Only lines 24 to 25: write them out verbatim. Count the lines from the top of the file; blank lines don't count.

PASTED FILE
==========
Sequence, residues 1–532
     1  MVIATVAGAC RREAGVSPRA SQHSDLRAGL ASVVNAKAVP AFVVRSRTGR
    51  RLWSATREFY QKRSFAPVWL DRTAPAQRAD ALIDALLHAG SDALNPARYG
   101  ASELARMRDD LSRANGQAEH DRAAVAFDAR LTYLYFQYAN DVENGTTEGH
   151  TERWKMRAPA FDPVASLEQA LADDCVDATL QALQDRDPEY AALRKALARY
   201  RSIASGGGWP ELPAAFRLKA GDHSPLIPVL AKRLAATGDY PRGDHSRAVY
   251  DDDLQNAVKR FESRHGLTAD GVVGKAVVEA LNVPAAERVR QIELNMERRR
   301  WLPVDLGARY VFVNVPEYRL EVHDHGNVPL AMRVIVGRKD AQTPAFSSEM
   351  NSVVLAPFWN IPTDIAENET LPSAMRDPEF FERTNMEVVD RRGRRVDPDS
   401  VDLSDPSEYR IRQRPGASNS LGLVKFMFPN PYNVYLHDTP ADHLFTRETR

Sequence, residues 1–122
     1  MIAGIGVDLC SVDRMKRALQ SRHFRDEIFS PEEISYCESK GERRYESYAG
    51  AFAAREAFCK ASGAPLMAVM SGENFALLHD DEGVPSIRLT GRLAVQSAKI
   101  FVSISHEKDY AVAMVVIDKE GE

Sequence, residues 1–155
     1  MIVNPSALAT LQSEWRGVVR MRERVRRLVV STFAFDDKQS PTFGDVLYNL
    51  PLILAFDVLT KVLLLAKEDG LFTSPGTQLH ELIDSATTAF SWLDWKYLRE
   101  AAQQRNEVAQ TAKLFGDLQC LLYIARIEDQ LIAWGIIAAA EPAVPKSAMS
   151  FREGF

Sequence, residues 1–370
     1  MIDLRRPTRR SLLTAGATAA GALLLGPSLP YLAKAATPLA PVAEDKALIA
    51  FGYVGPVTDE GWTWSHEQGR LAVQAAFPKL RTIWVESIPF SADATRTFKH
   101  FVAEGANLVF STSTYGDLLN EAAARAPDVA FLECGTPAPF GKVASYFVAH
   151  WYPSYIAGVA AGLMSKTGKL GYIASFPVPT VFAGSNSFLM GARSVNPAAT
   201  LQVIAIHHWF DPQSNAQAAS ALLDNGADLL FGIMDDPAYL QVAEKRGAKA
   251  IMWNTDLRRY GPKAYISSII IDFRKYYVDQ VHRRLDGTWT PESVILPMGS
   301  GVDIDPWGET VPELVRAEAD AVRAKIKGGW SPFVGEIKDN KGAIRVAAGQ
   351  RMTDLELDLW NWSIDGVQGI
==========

   151  WYPSYIAGVA AGLMSKTGKL GYIASFPVPT VFAGSNSFLM GARSVNPAAT
   201  LQVIAIHHWF DPQSNAQAAS ALLDNGADLL FGIMDDPAYL QVAEKRGAKA